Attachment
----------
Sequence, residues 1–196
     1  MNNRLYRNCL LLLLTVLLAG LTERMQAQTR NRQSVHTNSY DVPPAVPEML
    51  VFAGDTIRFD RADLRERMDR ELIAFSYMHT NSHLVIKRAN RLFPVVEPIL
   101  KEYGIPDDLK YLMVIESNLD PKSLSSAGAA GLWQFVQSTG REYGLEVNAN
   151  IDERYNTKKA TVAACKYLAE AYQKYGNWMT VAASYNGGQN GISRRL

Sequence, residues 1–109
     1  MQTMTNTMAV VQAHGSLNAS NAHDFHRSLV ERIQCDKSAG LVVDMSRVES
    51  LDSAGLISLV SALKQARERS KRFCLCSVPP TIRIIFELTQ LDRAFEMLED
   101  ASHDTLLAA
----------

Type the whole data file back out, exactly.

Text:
Sequence, residues 1–196
     1  MNNRLYRNCL LLLLTVLLAG LTERMQAQTR NRQSVHTNSY DVPPAVPEML
    51  VFAGDTIRFD RADLRERMDR ELIAFSYMHT NSHLVIKRAN RLFPVVEPIL
   101  KEYGIPDDLK YLMVIESNLD PKSLSSAGAA GLWQFVQSTG REYGLEVNAN
   151  IDERYNTKKA TVAACKYLAE AYQKYGNWMT VAASYNGGQN GISRRL

Sequence, residues 1–109
     1  MQTMTNTMAV VQAHGSLNAS NAHDFHRSLV ERIQCDKSAG LVVDMSRVES
    51  LDSAGLISLV SALKQARERS KRFCLCSVPP TIRIIFELTQ LDRAFEMLED
   101  ASHDTLLAA